5 years ago, the d.school launched the K12 Lab initiative. We started with a project to help the Nueva School build their now thriving (and famous!) I-Lab program. That project was the perfect way to get our hands dirty with design in the K12 space. We learned so much and were deeply moved by working with Kim Saxe and the teachers + students at Nueva. From there we partnered with the Henry Ford Learning Institute and East Palo Alto Academy Elementary School, seeking to build curriculum for K through 12 students in the foundations of innovation and continuing to deepen our empathy for teachers and students. And then, things went nuts! With the leadership of Rich Crandall and his dedicated partner in crime Adam Royalty the K12 Lab has led workshops with teachers and administrators from across the globe to explore what design thinking could mean in their practices. They also mentored eager teams of Stanford graduate students with the K12 Club, No Teacher Left Behind, and other Innovations in Education courses. With partners Professor Shelley Goldman, Maureen Carroll, and Leticia Britos Cavagnaro research efforts were begun. Partnership with Sandy Speicher at IDEO led to exciting national workshops. With the Riverside School in India we helped launch Design for Change. Projects with the Girl Scouts, the Tech Museum, and Maker Faire yielded exciting prototypes with budding innovators. Charters in Berkeley and Oakland, CA were encouraged to build design thinking into their DNA. Sessions with Teacher for America and New Schools Venture Fund kicked of work with ed tech entrepreneurs. The list literally goes on and on… (And Adam still has frequent flyer miles to burn.)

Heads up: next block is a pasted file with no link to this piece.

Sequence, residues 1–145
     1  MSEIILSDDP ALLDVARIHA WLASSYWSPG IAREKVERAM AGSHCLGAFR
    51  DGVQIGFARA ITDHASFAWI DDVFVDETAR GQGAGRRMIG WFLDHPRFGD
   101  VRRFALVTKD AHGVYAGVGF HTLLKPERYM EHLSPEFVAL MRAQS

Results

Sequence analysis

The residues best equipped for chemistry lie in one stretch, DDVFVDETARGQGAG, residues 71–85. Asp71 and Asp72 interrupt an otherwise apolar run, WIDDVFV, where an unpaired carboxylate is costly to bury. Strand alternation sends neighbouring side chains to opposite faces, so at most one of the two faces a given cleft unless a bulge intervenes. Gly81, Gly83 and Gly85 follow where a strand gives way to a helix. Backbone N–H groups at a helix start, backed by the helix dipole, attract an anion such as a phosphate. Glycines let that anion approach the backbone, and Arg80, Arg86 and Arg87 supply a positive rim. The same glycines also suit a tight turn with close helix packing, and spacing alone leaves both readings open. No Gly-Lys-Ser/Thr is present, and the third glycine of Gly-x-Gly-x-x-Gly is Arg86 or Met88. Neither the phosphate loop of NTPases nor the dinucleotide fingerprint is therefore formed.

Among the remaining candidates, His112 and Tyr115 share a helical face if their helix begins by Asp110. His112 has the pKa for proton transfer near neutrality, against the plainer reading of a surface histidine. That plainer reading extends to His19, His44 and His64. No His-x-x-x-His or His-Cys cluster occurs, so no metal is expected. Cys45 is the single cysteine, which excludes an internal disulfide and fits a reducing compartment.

SO NOW… there is a national and international movement to bring design thinking into K12 education. It is in this awesome context of momentum and commitment that we at the d.school seek to re-ignite the K12 Lab’s work. And we’re excited – woot!
Two key things to share today as we re-launch our efforts. First we are calling ourselves the K12 Lab Network. It isn’t a sexy rebranding, but rather speaks to our desire to be a network player (an oh so important 21st century skill!). Secondly we are guiding our next phase of exploration with four key verbs. They do not represent a precise point of view as of yet, but are starting points for conversations and experiments. (And you’ve guessed it, this blog is one of the experiments. Thanks, Molly!)
EXPERIMENT how might we experiment at the edges of what’s currently possible?
PARTICIPATE how might we participate most empathically and meaningfully in the emergent network?
PROVOKE how might we push ourselves and the field to move beyond design thinking?
EMPOWER how might we empower all children to have creative confidence and know that they can change the world?
So tell us, dear network, what “how might we”s are motivating your work? And what experiments would you like to see?